There’s something about being
nine and hitting golf balls with
an aluminum baseball bat in the
orchards behind the house that
can’t be held onto – like a blue
belly lizard that slips between
your fingers, detaching its tail
to escape among the weeds and
tall grass. You realize years later
that it wasn’t lost then, when
you hit that ball just right,
sending it clear over the treetops
and into the fields beyond. You
knew that ball would never be
found, yet you combed the high
grasses anyway, only to happen
upon a pale streak of green
fleeing from your hands. It
could only be held for a moment,
its glass eyes staring back,
casting a trance over you so that
just then, it may dart for the
safety of some marbled shrub.
But it was not gone then, when
you stopped to dust your sneakers
on the back porch and examine
your hands to prove to her that
just this once, you would not
need to wash up before dinner.
Your hands were marked with
smudges of brown that looked
like hazy clouds, and your
fingernails were lined with dark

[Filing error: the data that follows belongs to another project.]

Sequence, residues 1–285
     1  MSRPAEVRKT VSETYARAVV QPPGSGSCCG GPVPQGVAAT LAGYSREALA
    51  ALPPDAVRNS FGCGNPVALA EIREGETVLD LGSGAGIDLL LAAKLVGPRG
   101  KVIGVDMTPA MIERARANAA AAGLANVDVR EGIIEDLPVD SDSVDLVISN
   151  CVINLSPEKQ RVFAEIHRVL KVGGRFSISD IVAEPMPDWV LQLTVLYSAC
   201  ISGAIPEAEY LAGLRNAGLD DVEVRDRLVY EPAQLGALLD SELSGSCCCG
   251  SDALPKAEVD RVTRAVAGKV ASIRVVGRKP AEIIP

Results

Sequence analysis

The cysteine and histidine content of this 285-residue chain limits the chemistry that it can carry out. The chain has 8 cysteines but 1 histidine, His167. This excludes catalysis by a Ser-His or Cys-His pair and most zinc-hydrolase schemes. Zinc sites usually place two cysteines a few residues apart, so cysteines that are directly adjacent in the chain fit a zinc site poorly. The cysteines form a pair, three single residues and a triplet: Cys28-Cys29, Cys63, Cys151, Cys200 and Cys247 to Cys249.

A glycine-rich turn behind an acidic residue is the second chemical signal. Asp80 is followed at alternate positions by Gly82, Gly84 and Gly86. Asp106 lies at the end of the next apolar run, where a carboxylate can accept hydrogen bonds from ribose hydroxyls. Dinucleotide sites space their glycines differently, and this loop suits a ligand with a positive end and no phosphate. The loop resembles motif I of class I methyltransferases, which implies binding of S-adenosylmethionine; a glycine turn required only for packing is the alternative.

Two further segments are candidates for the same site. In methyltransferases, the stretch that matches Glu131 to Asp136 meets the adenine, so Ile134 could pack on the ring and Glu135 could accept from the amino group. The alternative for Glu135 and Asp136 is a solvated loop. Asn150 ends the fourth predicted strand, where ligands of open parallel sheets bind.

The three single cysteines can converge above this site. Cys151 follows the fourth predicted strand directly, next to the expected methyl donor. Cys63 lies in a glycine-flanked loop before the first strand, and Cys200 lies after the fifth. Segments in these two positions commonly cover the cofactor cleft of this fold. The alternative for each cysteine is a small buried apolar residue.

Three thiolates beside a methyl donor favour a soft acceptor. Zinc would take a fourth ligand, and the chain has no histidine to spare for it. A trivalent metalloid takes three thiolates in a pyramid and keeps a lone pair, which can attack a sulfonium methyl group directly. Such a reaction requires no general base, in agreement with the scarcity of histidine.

crescents. It was not lost entirely
until, on a Sunday in April,
you could not look at her
slender coffin at the front of
the room, but instead stared at
your hands, white and clean
fingernails like slender moons.

Rights & Access

This poem was submitted for the "Poetry for the Mind's Joy" project and is reproduced here with permission from the author. All rights reserved. Poetry for the Mind's Joy is Poet Laureate Kay Ryan's project that includes a community college poetry contest administered by the Community College Humanities Association and a lively videoconference.
  • Bryce Thornburg

    Modesto Junior College, Manteca, CA

    Faculty Advisor: Linda Hoile, Marketing & Public Relations Officer